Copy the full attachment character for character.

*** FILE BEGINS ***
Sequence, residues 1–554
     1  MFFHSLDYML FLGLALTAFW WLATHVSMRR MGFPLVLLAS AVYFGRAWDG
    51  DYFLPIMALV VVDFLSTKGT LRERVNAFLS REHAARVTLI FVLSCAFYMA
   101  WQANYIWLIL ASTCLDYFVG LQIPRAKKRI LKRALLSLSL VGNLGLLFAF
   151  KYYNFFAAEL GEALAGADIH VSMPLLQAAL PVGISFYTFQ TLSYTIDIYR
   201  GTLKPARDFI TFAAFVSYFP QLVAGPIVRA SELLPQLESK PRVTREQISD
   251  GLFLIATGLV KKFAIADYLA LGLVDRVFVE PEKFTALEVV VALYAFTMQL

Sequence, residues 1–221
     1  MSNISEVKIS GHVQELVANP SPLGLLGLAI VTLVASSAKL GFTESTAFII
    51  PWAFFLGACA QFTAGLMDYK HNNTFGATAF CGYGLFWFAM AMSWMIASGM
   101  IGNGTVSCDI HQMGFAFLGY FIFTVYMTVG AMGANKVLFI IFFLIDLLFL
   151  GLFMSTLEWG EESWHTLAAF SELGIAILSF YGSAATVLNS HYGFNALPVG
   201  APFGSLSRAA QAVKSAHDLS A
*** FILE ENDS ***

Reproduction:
Sequence, residues 1–554
     1  MFFHSLDYML FLGLALTAFW WLATHVSMRR MGFPLVLLAS AVYFGRAWDG
    51  DYFLPIMALV VVDFLSTKGT LRERVNAFLS REHAARVTLI FVLSCAFYMA
   101  WQANYIWLIL ASTCLDYFVG LQIPRAKKRI LKRALLSLSL VGNLGLLFAF
   151  KYYNFFAAEL GEALAGADIH VSMPLLQAAL PVGISFYTFQ TLSYTIDIYR
   201  GTLKPARDFI TFAAFVSYFP QLVAGPIVRA SELLPQLESK PRVTREQISD
   251  GLFLIATGLV KKFAIADYLA LGLVDRVFVE PEKFTALEVV VALYAFTMQL

Sequence, residues 1–221
     1  MSNISEVKIS GHVQELVANP SPLGLLGLAI VTLVASSAKL GFTESTAFII
    51  PWAFFLGACA QFTAGLMDYK HNNTFGATAF CGYGLFWFAM AMSWMIASGM
   101  IGNGTVSCDI HQMGFAFLGY FIFTVYMTVG AMGANKVLFI IFFLIDLLFL
   151  GLFMSTLEWG EESWHTLAAF SELGIAILSF YGSAATVLNS HYGFNALPVG
   201  APFGSLSRAA QAVKSAHDLS A